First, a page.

# Correct by Construction Correct by Construction

The Correct by Construction (CBC) design process is a very interesting. The general idea can be summarized as:

- give a partial specification of a protocol.
- prove properties of this partial specification.
- fill in the rest of the specification in way that preserved the properties proved above.

The benefits of the CBC process are many, but, to me, the most interesting are the simplicity it leads to - and how it allows for rapid iteration of the protocol (as long as the partial specification is not changed).

Note that CBC design is itself a protocol - a protocol for designing protocols. So, naturally, the question arises: is there a Correct by Construction way of designing Correct by Construction protocols?

I think the answer is probably yes - and also informative. Here would be the agenda of such a program:

- specify a family of abstract specifications.
- prove that a certain set of properties of these protocols are invariant under further specification.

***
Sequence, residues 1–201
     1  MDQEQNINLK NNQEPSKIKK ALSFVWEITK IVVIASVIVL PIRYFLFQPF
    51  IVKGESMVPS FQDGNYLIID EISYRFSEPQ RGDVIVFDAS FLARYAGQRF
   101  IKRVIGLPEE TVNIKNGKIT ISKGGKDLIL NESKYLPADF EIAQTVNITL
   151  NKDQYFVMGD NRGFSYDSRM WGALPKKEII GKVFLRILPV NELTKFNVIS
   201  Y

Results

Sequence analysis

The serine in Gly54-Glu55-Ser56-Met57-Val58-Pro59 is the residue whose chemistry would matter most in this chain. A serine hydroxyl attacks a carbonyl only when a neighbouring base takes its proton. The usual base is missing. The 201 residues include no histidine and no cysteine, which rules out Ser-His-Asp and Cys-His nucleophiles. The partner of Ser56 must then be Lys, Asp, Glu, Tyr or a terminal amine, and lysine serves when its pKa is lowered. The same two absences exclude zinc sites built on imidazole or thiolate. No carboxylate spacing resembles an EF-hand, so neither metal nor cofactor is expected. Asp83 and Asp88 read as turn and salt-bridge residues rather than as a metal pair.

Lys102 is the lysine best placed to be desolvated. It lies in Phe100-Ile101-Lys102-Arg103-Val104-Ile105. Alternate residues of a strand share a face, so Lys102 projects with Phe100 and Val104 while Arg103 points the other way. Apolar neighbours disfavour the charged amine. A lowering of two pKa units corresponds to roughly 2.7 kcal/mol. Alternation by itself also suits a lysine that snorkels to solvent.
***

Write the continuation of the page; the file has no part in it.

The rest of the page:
- fill in the rest of the specification by picking one abstract specification from the family and showing the properties come from the set mentioned in step 2.

The benefits of step 3 above are obvious. The work in creating a Correct by Construction protocol - and showing that it is actually Correct by Construction - seems to be greatly mitigated. And with the aforementioned simplicity and flexibility, I dream of a world where are protocols are Correct by Construction: not just consensus algorithms, but operating systems, cryptographic protocols, communication protocols, and much more.

Once here, the question again arises: is there a Correct by Construction way of designing a Correct by Construction way of designing a Correct by Construction protocol?

I think the answer is yes, but at some point (probably, here), the properties and proofs get general enough that they become useless. But I also haven’t explored it yet, so I might be wrong.

Thanks to Aaron Diamond-Reivich for bringing this great idea up!